If anyone had predicted, a mere 10 years ago when Alexis Tsipras was rising to the leadership of a small leftist party barely making it to the Parliament, that not only would he become Prime Minister of Greece one day, but that he would also meet with two sitting US Presidents, nobody would have believed him. In fact, part of the criticism addressed to the Greek PM, when he met with President Trump this week, was based on precisely this previous implausibility: that an anti-imperialist, anti-capitalist, anti-american politician, who had been protesting against neo-liberalism and in the Genova Anti-globalisation riots, would one day sheepishly shake the hands of the US leader.

The irony became much more biting, considering that the sitting POTUS is himself a living embodiment of American capitalism (yet he shares one thing with the Greek PMs former protest-prone self: a dislike for globalisation, or at least for the binding international treaties that go with it). By now, nobody should be surprised; Alexis Tsipras rose to power with a fierce anti-austerity message, only to become the most obedient prime minister of the Crisis, putting into force the harshest pack of austerity measures Greece has ever seen. So, why wouldn’t he also make a U-turn on the anti-NATO, anti-capitalist ideas of his youth and go to the White House as a PM of a country thirsty for foreign investment?

Alexis Tsipras went to Washington bearing the same badge of honour that every single one of the Greek Prime Ministers who have met a US President (all ten of them, since WWII) bore: that of Greece being a strategic ally of the US in the southeast Mediterranean and the Balkans. The country’s geostrategic positioning has been the only leverage that Greek leaders have used in such meetings and Tsipras did not deviate, when he met the man who became President emphasising his ability to make deals. And Donald Trump did make a deal. He managed to get the Greek PM to pledge to upgrade Greece’s fleet of F-16 fighter planes, an investment estimated at $2.4 billion – although the Greek government was quick to emphasise that the actual cost would be around €1.1billion, over 10 to 15 years.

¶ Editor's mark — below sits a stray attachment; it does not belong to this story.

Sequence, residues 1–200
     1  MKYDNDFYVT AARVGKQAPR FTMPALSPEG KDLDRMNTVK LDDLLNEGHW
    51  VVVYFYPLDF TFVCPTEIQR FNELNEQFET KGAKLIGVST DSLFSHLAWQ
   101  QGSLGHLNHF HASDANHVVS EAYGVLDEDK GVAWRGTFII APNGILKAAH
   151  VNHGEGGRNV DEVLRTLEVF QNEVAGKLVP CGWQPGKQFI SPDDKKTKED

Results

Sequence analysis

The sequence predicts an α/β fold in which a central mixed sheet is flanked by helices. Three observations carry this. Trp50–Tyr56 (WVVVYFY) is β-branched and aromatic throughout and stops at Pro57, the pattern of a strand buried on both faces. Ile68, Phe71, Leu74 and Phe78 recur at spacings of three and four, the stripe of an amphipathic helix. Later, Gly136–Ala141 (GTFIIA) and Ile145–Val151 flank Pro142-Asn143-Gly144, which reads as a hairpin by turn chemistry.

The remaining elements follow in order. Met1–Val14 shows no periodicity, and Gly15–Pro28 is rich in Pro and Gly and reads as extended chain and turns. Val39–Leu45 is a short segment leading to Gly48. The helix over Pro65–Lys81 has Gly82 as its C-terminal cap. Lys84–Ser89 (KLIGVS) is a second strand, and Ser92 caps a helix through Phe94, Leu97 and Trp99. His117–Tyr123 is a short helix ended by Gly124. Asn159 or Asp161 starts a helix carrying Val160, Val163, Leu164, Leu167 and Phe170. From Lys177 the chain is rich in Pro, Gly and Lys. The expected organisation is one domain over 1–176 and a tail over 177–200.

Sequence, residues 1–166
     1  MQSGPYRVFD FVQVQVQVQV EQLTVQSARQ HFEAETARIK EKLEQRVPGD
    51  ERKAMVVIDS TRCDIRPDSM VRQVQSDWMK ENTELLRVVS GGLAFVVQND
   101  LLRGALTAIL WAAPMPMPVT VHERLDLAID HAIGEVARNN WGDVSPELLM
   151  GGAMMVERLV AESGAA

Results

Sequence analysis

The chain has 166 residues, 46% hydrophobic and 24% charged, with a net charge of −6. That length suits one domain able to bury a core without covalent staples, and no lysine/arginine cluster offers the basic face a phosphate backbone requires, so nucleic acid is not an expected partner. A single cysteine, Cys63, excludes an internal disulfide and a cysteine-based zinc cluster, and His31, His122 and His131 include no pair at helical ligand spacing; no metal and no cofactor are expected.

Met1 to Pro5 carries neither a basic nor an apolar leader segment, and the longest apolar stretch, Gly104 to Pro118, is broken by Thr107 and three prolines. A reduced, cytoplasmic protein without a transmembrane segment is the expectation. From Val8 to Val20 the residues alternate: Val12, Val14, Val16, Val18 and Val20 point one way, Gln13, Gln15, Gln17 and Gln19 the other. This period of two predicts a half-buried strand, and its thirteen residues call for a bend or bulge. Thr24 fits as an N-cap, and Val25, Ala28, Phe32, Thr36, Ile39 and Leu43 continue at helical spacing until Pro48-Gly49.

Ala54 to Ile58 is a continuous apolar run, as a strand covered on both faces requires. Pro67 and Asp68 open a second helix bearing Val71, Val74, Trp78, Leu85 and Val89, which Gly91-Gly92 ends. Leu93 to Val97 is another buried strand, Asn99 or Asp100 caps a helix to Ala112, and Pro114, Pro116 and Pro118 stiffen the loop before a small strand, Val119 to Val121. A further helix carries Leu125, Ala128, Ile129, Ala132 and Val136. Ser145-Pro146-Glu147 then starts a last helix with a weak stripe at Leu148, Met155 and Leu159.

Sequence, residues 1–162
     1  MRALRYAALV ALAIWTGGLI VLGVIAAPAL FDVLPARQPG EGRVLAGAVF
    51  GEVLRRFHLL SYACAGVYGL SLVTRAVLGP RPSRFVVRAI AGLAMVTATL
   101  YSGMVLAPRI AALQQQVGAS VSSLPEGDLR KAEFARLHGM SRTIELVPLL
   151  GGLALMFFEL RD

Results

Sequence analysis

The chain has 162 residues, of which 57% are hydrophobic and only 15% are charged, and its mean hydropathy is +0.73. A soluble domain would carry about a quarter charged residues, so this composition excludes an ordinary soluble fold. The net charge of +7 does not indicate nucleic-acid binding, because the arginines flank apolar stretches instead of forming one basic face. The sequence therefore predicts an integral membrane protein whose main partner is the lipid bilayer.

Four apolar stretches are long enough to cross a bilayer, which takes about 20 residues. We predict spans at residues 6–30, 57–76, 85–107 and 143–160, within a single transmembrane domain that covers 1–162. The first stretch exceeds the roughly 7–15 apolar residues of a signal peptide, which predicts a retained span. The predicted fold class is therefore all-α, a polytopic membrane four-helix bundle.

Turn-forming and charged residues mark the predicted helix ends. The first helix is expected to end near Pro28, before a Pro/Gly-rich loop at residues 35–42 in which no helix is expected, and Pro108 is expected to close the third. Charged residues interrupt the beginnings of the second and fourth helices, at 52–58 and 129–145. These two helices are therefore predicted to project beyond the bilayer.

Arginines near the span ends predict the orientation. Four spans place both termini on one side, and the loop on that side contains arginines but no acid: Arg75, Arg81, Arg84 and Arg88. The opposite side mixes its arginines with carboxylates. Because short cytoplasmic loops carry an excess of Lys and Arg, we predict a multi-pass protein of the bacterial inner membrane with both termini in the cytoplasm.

“We have great confidence in Greece as a nation”, said an evidently pleased Donald Trump, adding: “We have great confidence in what they’re doing relative to their military.”

President Trump mentioned the deal no less than four times, during the Greek PM’s visit to Washington, each time adding to the furore that erupted in debt-ridden Greece, where government critics pointed out that the country is in no position to spend on 85 new warplanes. But what did Alexis Tsipras get in return for this favor to the American war industry? Little more than words of sympathy and encouragement. President Trump was reserved about making any promises and kept expectations low, saying that Washington is helping Greece get back on its feet after the economic crisis. Speaking from the White House’s Rose Garden, with Alexis Tsipras at his side, Donald Trump said the American people “stand with the Greek people as they recover from the economic crisis … I have encouraged the prime minister in his continued implementation of reform and reform programs and I have totally reaffirmed our support for a responsible debt-relief plan.”

Despite being vague on its own, this suggestion was shot down by the German government, on Wednesday, which stated that there is nothing new to convey regarding Berlin’s stance vis-a-vis the issue of Greek debt relief; the German government spokesperson made clear that this stance reflects the Eurogroup’s position.